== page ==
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Host-microbe interactions in health and disease. Interface with the immune system

Final Report Summary - HOMIN (Host-microbe interactions in health and disease. Interface with the immune system)

HOMIN (Host-microbe interactions in health and disease. Interface with the immune system) is an advanced education and research program meant to train 10 early stage researchers, possessing medical or scientific educational backgrounds to become leading scientists in academic institutions, private companies or administration. The project gathered five research organizations in Europe, experts in the field of infectious diseases, immune responses and vaccine development, including a world-renowned industrial research center:
1. Institut Pasteur, Paris, France,
2. GSK (Previously: Novartis), Siena, Italy
3. CSIC, Madrid, Spain
4. UAM, Madrid, Spain
5. UNISI, Siena, Italy
In addition several private and academic associated partners contributed to the program, being actively involved in the training of fellows and providing secondments : Photeomix (France); Axenis (France); Diomune (Spain); University of Amsterdam (Netherlands); Statens Serum Institut (Danemark); The Leprosy Mission Nepal (Nepal); The Francis Crick Institute (UK); The San Raffaele Hospital (Italy)
HOMIN’s goal was to promote the development of the conscious identity of young scientists preparing them for a broad professional spectrum and to strengthen the ERA. For this purpose HOMIN consortium has provided to fellows: i) cutting-edge scientific projects in subjects in which the HOMIN partners are international leaders; ii) a collaborative professional environment, allowing the young researchers to appreciate research in the academic and the private sector, and their connections at the European level; iii) scientific communication and networking opportunities at the European and International levels; iv) a number of complementary skills, transferrable to a wide variety of professional environments.
The research projects were carried in the HOMIN partner institutions , but allowing the students to exchange technical and professional experience during regular meetings. The individual PhD projects are listed below:
1. HIV-1 modulation of the T cell activation molecular machinery.
2. Immunomodulatory properties of mycobacterial phenolic glycolipids.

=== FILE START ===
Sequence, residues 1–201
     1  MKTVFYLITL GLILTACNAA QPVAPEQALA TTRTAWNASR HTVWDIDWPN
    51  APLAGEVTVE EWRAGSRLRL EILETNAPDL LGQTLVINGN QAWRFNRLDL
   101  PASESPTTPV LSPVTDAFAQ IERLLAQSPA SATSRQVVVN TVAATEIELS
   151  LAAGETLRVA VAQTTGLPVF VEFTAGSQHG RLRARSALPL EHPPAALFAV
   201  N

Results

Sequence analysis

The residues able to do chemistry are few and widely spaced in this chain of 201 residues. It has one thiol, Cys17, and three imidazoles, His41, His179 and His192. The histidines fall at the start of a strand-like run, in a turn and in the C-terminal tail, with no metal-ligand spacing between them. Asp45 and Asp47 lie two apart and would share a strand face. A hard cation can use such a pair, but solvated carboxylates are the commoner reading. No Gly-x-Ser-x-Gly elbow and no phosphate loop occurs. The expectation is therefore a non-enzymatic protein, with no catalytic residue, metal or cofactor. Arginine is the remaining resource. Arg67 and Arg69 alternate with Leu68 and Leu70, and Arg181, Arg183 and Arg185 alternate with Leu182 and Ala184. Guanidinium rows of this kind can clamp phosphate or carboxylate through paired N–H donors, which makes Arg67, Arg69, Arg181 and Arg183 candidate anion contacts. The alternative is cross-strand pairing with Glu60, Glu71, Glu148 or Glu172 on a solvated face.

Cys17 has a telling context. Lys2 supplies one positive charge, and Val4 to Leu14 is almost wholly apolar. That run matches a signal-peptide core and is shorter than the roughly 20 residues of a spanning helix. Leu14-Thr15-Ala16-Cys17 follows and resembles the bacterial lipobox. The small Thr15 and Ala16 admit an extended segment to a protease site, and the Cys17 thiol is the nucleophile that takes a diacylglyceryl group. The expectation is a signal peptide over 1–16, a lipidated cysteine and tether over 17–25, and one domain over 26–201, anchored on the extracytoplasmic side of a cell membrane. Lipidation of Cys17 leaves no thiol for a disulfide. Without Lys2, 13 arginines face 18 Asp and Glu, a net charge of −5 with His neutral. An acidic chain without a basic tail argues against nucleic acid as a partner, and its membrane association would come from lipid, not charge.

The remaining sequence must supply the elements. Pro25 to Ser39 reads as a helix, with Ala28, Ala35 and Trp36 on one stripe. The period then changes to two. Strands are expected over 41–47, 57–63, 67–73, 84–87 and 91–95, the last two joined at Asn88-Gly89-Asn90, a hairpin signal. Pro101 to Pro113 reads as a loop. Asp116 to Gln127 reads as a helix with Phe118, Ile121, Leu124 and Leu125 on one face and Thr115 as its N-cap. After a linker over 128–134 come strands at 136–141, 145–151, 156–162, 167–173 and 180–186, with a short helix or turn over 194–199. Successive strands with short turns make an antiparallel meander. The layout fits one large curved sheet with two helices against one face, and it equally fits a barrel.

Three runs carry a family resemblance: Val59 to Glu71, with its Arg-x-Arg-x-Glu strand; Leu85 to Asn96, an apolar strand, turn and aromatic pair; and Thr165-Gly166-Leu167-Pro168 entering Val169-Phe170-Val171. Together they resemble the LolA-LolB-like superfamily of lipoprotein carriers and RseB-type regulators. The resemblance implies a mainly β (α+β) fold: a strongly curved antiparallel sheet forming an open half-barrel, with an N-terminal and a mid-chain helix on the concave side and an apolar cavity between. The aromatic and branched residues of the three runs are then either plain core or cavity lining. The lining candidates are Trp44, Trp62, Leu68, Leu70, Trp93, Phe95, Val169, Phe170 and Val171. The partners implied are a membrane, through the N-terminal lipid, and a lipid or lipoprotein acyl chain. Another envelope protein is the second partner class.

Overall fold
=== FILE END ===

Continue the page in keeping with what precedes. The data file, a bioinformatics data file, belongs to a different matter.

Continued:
3. Cytokine control of human innate lymphoid cell development and function.
4. Role of plasmacytoid dendritic cells in the induction and regulation of anti-tumor responses.
5. Analysis of vaccine adjuvants effects on long-term immune response.
6. Dissecting TLR7 activation cascade by low molecular weight agonists.
7. Novel delivery of vaccines: towards mucosal immunity.
8. Presentation of bacterial and viral antigens by antigen-presenting T cells.
9. Host-Trypanosoma cruzi interactions .
10. Targeting the immune synapse as a strategy of immune subversion by bacterial adenylate cyclase toxins.
All fellows were enrolled in local Universities’ doctoral programs. They have obtained, or are about to obtain a PhD degree. All fellows were well integrated into their respective research groups. The three-year training included the individual scientific projects listed above, secondments in academic or private associated partner organisations, science-related training, networking and outreach activities, such as participation to seminars, courses and congresses, common HOMIN meetings and courses in complementary and soft skills. A career development follow up with yearly common seminars was carried out. All ten fellows were actively involved in local and common training and participated to HOMIN meetings. Several articles concerning the scientific projects have been published and several are in preparation.
We believe that the HOMIN final goal to train new generation scientists, possessing knowledge that goes beyond their specific scientific fields has been reached successfully. The website of the program is Contact person: Project Coordinator Prof. Andres Alcover